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Fortunately, it’s possible to get the fitness benefits of mixed martial arts without incurring grievous bodily harm.

You might not like the idea of brawny men throwing you face-first into the mat, or jumping on your back and trying to rip your arm out of its socket. But, fortunately, it’s possible to get the fitness benefits of mixed martial arts (MMA – for the fans) without incurring grievous bodily harm.

At the Titan gym in north London, about a dozen fighters are warming up for their training session. They’re all shapes and sizes. There are a couple of monsters, no doubt, brick shithouses with calves that look set to burst the skin. Some of these brutes must weigh about 120kgs, but they’re actually outnumbered by leaner, long-limbed fighters, who are lighter on their feet and don’t necessarily look like they were born and raised in a weights room.

The backgrounds of MMA fighters are equally diverse – quite a few come from
a Brazilian jiu-jitsu background, but others started doing karate or kung fu before adapting their styles for the rough and tumble of cage-fighting. Others, like Brad Pickett, one of the growing number of British fighters in the Ultimate Fighting Championship, come from a boxing background.

“I played a lot of sports,” Pickett says as the other fighters in the gym continue their routine. “I played a lot of football but kept getting injured. And then I was a boxer, but with MMA, you have to be able to do it all. So even though I used to box, now I like the wrestling and the different holds as well.”

Pickett, 33, stands 5’6 and fights at 60-odd-kgs, making him a bantamweight, a division in which he is ranked seventh in the world. Pickett might be a little fella, but his nickname ‘One Punch’ Pickett, suggests he packs a wallop. And, this weekend in Birmingham, he’ll be fighting Brazilian Renan Barão in one of the main events at UFC 138. We begin our Cage-fighting 101 with a warm-up – squats, sit-ups and push-ups, 10 at a time, 20 at a time and then 30 at a time – before going through some basic submission holds, for which Pickett brings in Sirwan, another fighter who he refers to as his ‘guinea pig’. There’s the rear chokehold, which is like an old-school sleeper-hold but harder to break out of, and the golden triangle, also like a sleeper-hold but executed with your legs while on your back.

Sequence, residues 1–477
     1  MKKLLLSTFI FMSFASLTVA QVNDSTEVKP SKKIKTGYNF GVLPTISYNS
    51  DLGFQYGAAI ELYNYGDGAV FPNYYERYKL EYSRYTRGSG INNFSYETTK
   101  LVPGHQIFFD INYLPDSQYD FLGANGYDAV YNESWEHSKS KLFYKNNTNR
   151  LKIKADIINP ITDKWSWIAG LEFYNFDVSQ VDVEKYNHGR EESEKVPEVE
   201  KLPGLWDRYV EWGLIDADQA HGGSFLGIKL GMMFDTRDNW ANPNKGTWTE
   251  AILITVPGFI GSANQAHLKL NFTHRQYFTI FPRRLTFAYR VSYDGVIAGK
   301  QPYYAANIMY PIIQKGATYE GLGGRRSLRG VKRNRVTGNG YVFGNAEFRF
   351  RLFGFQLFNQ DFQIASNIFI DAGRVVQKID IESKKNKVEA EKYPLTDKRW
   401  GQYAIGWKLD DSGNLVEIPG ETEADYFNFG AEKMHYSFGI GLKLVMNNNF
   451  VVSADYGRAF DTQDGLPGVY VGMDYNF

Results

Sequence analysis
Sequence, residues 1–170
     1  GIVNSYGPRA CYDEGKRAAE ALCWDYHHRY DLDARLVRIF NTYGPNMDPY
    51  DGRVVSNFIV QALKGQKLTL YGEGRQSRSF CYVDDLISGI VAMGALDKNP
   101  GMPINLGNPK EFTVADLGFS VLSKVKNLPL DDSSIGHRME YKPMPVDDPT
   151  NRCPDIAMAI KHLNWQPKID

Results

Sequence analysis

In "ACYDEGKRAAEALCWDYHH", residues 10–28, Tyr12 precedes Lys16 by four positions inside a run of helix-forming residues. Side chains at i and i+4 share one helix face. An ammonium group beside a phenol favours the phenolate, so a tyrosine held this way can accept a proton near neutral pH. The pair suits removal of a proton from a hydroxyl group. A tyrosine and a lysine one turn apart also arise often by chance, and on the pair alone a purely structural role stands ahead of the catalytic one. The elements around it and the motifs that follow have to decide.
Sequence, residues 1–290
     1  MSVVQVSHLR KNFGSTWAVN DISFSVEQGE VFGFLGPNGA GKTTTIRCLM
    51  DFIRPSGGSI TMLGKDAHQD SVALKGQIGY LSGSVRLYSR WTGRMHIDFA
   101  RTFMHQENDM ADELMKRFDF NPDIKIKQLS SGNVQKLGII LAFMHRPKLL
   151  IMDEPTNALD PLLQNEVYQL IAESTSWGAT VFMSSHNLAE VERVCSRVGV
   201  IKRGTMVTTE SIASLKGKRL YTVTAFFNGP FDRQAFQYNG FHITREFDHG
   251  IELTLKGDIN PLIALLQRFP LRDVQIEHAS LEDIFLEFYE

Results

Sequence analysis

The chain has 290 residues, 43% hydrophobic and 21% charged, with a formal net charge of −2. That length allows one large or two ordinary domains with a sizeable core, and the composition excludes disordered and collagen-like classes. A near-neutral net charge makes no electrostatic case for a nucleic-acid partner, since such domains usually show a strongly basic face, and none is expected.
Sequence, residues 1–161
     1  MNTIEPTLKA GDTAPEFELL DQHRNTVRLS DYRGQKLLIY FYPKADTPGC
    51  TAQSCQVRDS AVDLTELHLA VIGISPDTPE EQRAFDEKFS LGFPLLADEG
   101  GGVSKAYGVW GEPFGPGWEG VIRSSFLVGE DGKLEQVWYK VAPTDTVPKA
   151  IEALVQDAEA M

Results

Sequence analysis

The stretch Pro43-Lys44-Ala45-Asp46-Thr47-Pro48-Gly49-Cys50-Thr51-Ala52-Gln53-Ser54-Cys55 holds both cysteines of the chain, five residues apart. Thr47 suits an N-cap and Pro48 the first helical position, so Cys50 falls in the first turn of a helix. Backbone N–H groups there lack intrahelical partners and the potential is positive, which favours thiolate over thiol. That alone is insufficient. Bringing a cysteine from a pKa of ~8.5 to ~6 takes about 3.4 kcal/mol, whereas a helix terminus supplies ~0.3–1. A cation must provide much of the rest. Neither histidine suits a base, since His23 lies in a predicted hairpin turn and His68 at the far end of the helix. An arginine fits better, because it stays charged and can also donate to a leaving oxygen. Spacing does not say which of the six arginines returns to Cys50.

Pickett then explains ‘the shot’ – one fighter lunges to grab an opponent – and ‘the sprawl’ – the other fighter darts backwards and flattens themselves on the ground to evade the grapple, before spinging back to their feet. After some work on the pads – working jabs, hooks and uppercuts – we combine it all on the heavy bag. Pickett whistles every 20 seconds or so, meaning I have to sprawl, flattening myself on the ground before jumping up and hammering into the bag again. After a three-minute round – UFC rounds go for five minutes – I am absolutely knackered.

I can barely get back to my feet after my final sprawl and my punches are now more like insipid, limp-armed slaps.

It’s an incredible workout, combining all the strength and conditioning of a gym session with an extensive cardio regime. There is even an invitation to step into the Octagon with one of the cage-fighters. Presumably, that would be less like fun and more like pain and ritual humilation. Maybe next time.

WORDS: TOM STURROCK


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